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Propensity_Modelling - Using h2o and DALEX to Estimate the Likelihood of Purchasing a Financial Product

In this day and age, a business that leverages data to understand the drivers of its customers' behaviour has a true competitive advantage. Organisations can dramatically improve their performance in the market by analysing customer level data in an effective way and focus their efforts towards those that are more likely to engage.

One trialled and tested approach to tease out this type of insight is Propensity Modelling, which combines information such as a customers’ demographics (age, race, religion, gender, family size, ethnicity, income, education level), psycho-graphic (social class, lifestyle and personality characteristics), engagement (emails opened, emails clicked, searches on mobile app, webpage dwell time, etc.), user experience (customer service phone and email wait times, number of refunds, average shipping times), and user behaviour (purchase value on different time-scales, number of days since most recent purchase, time between offer and conversion, etc.) to estimate the likelihood of a certain customer profile to performing a certain type of behaviour (e.g. the purchase of a product).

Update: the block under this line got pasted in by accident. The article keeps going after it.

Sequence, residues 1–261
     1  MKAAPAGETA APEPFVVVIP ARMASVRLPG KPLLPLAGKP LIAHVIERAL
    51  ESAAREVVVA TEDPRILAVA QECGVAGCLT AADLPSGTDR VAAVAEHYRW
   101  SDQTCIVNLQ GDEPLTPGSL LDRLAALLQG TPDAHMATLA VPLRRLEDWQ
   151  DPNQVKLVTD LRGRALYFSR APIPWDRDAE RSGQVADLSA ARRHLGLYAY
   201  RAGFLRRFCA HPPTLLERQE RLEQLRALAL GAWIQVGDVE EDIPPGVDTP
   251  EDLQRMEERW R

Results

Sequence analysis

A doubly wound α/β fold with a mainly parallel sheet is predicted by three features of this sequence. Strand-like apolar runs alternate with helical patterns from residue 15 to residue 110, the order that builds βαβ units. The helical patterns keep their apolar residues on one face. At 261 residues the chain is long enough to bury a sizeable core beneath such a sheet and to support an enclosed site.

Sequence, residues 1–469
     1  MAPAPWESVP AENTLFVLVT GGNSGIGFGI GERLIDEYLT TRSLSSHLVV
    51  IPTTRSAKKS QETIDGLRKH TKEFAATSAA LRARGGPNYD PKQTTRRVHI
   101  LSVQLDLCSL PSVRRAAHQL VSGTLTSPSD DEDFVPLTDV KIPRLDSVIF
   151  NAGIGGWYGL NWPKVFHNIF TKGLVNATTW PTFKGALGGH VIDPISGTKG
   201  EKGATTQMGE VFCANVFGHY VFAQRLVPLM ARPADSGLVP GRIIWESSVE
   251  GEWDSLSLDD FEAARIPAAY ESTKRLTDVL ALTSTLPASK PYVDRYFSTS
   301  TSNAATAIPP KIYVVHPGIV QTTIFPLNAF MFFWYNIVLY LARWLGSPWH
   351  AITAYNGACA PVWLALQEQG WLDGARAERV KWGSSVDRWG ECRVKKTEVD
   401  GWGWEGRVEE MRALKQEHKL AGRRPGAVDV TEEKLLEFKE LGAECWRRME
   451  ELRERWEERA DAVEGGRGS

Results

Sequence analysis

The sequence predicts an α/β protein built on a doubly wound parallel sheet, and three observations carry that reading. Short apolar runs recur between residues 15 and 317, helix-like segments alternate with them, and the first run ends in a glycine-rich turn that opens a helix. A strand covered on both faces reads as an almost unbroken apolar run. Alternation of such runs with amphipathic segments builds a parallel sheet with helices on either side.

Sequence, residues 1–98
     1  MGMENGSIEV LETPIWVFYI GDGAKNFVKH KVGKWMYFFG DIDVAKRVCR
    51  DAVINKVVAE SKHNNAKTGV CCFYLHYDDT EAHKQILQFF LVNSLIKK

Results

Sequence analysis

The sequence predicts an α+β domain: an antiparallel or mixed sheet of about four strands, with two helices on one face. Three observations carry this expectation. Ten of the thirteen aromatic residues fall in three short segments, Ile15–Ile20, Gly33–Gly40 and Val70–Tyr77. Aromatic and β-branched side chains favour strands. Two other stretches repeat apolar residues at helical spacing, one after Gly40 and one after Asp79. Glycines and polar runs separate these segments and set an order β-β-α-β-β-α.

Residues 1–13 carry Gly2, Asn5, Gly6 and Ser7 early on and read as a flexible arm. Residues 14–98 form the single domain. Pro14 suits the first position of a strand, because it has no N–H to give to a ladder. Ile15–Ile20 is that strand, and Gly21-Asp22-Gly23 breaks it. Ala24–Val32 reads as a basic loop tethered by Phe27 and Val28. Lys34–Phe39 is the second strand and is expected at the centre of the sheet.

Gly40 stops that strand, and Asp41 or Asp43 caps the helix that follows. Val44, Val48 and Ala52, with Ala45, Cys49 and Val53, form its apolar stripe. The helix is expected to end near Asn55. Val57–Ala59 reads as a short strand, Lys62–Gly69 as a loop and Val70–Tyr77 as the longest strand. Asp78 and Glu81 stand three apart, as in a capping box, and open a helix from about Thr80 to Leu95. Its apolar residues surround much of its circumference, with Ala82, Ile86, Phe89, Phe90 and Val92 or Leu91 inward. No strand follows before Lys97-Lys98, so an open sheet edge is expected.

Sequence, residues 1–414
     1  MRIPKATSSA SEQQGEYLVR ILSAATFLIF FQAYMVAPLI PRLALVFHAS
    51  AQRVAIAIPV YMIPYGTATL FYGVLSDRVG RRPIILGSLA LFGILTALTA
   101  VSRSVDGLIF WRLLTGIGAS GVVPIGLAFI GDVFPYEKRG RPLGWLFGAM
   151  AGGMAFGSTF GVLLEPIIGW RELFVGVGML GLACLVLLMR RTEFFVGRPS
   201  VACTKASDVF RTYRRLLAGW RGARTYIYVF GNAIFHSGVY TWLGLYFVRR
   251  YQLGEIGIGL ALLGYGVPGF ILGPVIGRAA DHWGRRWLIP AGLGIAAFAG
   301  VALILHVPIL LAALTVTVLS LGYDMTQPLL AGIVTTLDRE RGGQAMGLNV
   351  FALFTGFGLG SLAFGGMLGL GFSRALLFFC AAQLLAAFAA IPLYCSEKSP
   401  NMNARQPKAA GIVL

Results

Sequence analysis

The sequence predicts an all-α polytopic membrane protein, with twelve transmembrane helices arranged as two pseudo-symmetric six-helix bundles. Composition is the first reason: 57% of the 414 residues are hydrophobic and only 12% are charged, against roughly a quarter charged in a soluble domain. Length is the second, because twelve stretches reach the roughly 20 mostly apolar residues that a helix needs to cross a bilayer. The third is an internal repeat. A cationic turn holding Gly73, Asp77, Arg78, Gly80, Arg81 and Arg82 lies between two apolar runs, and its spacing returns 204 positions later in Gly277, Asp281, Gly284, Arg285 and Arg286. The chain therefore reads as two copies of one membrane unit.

Once you understand the probability of a certain customer to interact with your brand, buy a product or a sign up for a service, you can use this information to create scenarios, be it minimising marketing expenditure, maximising acquisition targets, and optimise email send frequency or depth of discount.

Project Structure

In this project I'm analysing the results of a bank direct marketing campaign to sell term deposits in order to identify what type of customer is more likely to respond. The marketing campaigns were based on phone calls and more than one contact to the same client was required at times.

In the first part, I am going to carry out an extensive data exploration and use the results and insights to prepare the data for analysis.

In the second part, I'm estimating a number of models and assess their performance and fit to the data using a model-agnostic methodology that enables to compare traditional "glass-box" models and "black-box" models.

In the third and last part, I'll fit a final model that combines findings from the exploratory analysis and insight from models' selection and use it to run a revenue optimisation.

Links

You can find the final articles on my website:

  • Data Preparation and Exploratory Data Analysis - Link

  • Estimate Several Models and Compare Their Performance Using a Model-agnostic Methodology - Link

  • Optimise Profit With the Expected Value Framework - Link

  • If you cannot be bothered to read all 3 articles, you can find an abridged version here - Link